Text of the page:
Aaron and Melissa Klein are two of the people who can best relate to Jack Phillips, the man who recently won his first, and most significant, battle against a state that sought to prioritize anti-discrimination laws over his First Amendment religious liberty.
Only they have yet to experience the vindication that Phillips has.
“Like Jack, we know what it is like to be treated unfairly by a state agency and mocked, threatened, and abused by critics. We can only imagine the relief Jack is experiencing.”
They look forward to the day when they may be able to feel the same relief.
“At the same time, we wonder what the future holds for our case, our lost business, and our family. Ours may be, as Justice Anthony Kennedy wrote, the case that allows ‘further elaboration in the courts.’ And we are encouraged to know that seven justices of the Supreme Court agree that a state’s hostility to the religious beliefs of its citizens will not be tolerated under the First Amendment.”
They explain that there are many similarities between their case and Phillips’, including the fact that the commissioner that they stood before, Brad Avakian, commissioner of the Oregon Bureau of Labor and Industry at the time, showed incredible hostility towards their religious beliefs.
If you are unfamiliar with the recent supreme court ruling of Phillips’ case, the Justices did not, as many had hoped, side with him because of his First Amendment right to discriminate based on his religious beliefs. This is what Kennedy referred to as needing to be determined further down the road.
The ruling was, however, based on the fact that the Colorado Human Rights Commission, who had previously ruled against Philips, had shown distinct hostility towards his faith, which is also a blatant violation of his First Amendment rights.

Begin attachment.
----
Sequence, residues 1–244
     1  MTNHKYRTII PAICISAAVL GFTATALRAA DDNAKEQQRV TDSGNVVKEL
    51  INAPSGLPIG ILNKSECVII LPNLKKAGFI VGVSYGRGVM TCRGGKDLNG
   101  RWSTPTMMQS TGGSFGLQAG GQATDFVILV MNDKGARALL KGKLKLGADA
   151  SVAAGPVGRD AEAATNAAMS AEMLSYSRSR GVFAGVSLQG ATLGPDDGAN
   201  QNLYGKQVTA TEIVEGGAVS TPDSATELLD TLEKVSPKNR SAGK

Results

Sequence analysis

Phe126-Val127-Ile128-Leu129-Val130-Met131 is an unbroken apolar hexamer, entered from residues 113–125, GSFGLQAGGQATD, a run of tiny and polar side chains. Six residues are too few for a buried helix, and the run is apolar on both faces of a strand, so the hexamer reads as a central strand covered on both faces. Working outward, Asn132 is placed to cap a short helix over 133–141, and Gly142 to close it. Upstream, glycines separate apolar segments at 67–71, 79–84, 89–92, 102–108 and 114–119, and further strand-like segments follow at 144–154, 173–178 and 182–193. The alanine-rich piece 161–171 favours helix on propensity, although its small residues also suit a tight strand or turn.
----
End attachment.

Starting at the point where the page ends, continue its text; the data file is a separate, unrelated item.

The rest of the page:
This is also exactly what the Kleins’ experienced.
“At one point, before we had even had our day in court,” they explain, Avakian told the media, ‘Everyone is entitled to their own beliefs, but that doesn’t mean that folks have the right to discriminate.’ He also went on Facebook to advocate ‘one set of rules,’ saying ‘Everyone has a right to their religious beliefs, but that doesn’t mean they can disobey laws already in place.'”
“The Oregon Constitution allows religious exemptions from laws that are generally applicable, but Avakian ruled that out from the very beginning. Can he really be presumed to be fair and neutral when he said our business was unlawfully discriminating before he had even heard our case?”
This clear deprivation of a fair trial is not all the Kleins were subject to. They were also slapped with a $135,000 fine for the “emotional damages” experienced by the same-sex couple for whom they politely declined to bake a cake. This means that while the lesbian couple had to find somewhere else to buy a cake, the Kleins lost their entire business and livelihood.
And that’s not all.
“Beyond that…our vehicles were vandalized, our home was broken into, and we have received more death threats than we care to count,” they explain.
Is anyone being fined upwards of $100,000 for this emotional damage?!
“We recognize that good people will disagree with each other from time to time, but we agree with Kennedy that, whether before a state agency or in the court of public opinion, ‘these disputes must be resolved with tolerance, without undue disrespect to sincere religious beliefs,'” they graciously conclude.
“For now, we wait and hope that, like Jack, one day a court will correct the religious hostility we suffered at the hands of Avakian and recognize, as Justice Neil Gorsuch wrote in his concurring opinion, ‘[t]he Constitution protects not just popular religious exercises from the condemnation of civil authorities. It protects them all.'”
Amen to that. Praying the Kleins, and business owners of faith across the US, will soon have their day in court and that the First Amendment will be maintained fully.